Remy the Leonberger is trying to hypnotise me. She follows the trajectory of each cherry from bowl to mouth. If she’s very lucky, I will destone one and give her half because move over strawberries: cherries are the fruit of choice in this household.
I caught a clip on Countryfile last night of the Kent County Show, where cherry growers from around the world were competing for top prize. The tussle to be named cherry supremo was fierce but gentlemanly and apparently even Her Madge looks on with interest. The show organisers courier punnets of the finest to Buckingham Palace once the judging is over.
This year, the UK is even experiencing a bumper harvest – in stark contrast to the situation some fifteen years ago, when we produced a mere 400 tonnes. The industry had been decimated, with traditional Kent orchards being phased out, unable to compete with imported varieties from Turkey, Spain and the US. In 2014, however, we produced some 3,500 tonnes, according to Government figures, worth around £20m, and the prospects for this year are even better.
The reason for such growth is that farmers have eschewed the tall cherry tree varieties for smaller shrub versions, albeit grown in rather unsightly polytunnels…but I don’t care, the taste is the thing.
Pliny the Elder was a fan. It appears that early versions of today’s cherries came from the Caucasus Mountains, and were transported to ancient Rome in 74BC by Lucius Lucullus. Pliny predicted, however, that within 120 years cherry trees would “spread as far as Britain.”
He may have got his timings slightly off, as there is evidence that the fruit had been domesticated in Europe and Asia Minor centuries before, but I can empathise with him over taste. He describes three varieties of tame sweet cherries, including the Junian cherry that “has a pleasant taste, but only if eaten under its tree, since it is so tender that it cannot stand being transported.”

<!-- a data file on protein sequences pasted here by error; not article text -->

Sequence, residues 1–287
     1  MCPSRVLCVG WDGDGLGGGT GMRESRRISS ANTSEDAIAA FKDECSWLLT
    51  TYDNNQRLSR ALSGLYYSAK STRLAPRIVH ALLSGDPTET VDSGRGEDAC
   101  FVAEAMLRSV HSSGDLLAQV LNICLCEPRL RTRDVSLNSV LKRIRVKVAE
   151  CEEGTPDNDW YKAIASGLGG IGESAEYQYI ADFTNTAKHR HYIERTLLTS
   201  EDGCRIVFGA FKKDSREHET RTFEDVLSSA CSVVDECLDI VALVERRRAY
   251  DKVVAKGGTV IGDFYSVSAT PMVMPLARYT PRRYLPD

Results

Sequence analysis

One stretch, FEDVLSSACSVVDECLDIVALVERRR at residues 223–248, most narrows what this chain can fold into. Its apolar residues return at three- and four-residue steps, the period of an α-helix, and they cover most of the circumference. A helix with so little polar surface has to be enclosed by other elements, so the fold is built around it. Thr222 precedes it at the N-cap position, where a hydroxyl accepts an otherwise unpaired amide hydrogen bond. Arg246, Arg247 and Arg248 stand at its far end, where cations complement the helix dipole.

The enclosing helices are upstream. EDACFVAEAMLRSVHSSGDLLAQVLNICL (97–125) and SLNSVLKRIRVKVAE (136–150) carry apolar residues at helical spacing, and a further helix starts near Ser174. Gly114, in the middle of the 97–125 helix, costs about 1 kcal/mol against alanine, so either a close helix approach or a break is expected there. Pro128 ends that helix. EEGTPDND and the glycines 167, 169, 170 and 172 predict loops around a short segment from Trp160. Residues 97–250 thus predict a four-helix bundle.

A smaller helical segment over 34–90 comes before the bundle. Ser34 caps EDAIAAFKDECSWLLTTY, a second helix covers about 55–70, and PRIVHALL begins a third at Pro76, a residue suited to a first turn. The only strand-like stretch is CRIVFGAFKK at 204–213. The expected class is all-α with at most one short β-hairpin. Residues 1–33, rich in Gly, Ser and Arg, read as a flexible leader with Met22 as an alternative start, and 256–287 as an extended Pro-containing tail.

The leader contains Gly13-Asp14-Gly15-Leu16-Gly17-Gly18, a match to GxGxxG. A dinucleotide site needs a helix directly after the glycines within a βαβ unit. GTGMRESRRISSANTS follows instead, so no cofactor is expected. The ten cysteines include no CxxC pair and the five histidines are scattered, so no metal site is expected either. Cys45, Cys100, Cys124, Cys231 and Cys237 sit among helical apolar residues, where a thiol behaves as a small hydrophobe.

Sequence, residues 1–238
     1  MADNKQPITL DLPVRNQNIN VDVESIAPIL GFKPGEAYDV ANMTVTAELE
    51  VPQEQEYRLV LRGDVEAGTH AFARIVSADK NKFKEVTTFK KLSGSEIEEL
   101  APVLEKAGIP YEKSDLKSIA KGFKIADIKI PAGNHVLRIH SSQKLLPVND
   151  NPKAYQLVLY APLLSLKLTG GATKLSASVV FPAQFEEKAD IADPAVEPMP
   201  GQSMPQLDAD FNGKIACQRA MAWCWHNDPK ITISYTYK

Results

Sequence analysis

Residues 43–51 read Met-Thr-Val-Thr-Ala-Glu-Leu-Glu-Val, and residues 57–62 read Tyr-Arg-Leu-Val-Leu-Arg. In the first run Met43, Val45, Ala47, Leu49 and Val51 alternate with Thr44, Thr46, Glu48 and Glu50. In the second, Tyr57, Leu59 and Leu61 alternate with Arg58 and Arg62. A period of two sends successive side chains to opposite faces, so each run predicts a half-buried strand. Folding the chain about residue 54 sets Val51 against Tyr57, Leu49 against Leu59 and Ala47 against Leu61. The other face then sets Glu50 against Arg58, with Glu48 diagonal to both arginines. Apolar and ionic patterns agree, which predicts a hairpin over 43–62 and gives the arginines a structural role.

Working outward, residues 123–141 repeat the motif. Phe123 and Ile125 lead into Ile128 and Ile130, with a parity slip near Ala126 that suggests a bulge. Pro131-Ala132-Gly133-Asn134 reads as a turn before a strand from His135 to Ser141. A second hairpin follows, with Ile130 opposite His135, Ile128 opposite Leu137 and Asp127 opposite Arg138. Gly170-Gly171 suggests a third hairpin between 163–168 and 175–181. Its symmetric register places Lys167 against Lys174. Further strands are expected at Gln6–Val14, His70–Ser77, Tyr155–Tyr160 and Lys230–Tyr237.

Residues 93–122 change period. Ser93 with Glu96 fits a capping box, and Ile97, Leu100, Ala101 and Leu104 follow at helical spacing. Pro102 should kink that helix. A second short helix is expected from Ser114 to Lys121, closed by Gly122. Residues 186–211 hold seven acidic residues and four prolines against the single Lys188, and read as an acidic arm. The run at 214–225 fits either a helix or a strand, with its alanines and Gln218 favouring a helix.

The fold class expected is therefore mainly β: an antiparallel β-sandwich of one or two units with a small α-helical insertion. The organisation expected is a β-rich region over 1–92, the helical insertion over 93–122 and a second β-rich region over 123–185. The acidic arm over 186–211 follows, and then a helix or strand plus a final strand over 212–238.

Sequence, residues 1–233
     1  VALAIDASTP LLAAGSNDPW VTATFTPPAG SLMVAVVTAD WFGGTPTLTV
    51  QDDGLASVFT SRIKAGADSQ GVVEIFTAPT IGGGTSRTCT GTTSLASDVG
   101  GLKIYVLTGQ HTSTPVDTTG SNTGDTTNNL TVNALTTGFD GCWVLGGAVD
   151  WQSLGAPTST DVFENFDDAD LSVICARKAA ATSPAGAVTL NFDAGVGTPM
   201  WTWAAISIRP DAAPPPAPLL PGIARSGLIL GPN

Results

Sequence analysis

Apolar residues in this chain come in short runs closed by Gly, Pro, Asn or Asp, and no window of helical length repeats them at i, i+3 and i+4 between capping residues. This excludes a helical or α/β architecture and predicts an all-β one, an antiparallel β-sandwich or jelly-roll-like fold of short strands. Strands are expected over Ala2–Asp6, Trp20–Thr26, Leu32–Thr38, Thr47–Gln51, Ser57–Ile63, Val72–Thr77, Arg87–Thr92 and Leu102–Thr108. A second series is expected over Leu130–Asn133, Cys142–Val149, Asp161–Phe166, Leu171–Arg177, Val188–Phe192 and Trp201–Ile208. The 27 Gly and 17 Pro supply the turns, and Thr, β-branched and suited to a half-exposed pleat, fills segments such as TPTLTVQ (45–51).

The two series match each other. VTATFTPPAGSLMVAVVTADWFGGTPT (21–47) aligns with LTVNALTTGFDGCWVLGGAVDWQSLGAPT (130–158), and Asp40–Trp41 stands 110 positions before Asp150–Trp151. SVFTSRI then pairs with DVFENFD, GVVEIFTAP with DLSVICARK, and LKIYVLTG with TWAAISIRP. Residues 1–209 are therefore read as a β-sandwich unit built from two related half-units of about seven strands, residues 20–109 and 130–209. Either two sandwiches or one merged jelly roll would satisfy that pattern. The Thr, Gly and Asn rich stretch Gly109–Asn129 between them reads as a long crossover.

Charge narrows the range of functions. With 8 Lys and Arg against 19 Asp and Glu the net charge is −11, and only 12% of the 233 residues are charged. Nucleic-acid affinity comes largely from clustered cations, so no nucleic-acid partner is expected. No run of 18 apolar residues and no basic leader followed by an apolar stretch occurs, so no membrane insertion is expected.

In West London, we are having an even better time of it than usual because it appears there is such a glut of cherries that the birds have eaten their fill elsewhere and are leaving our fruit alone. All the more for Remy and me, if I can beat her to the bowl first. One member of the band I’m in has so many that he turns up at weekly rehearsals with individual punnets.
I must own up, however, to being a bad dog owner. It’s taken this article for me to check whether I should be feeding her cherries, even though I had the same tussle with our previous dog as to who would get to the fruit first. The good news is that, as long as you take the pip out of the fruit, the dogs will be fine. The stones apparently contain a naturally occurring poison: cyanide. I’ll bear that in mind for future reference.
Three things you might not have known about cherries, courtesy of Daniel Boffey in The Guardian:
■ The Forme of Cury, a cookery book written around 1390, contains two cherry-based recipes. The recipe for ‘chireseye’, a blend of crushed cherries, wine, butter, breadcrumbs and sugar, opens with advice on seasonality: ‘Tak chiryes at the Fest of Seynt John the Baptist [24 June] and do away the stonys.’
■ In TV’s Twin Peaks, character Audrey Horne knots a cherry stem with her tongue to try to get a job in a brothel. Writer Harley Peyton had seen a friend perform the trick at dinner. Actress Sherilyn Fenn admitted she had not been able to perform the trick.
■ The earliest (16th-century) analogies between cherries and sexual ripeness play on the apparent similarity of the black cherry and female pubic hair, and on stones, meaning testicles.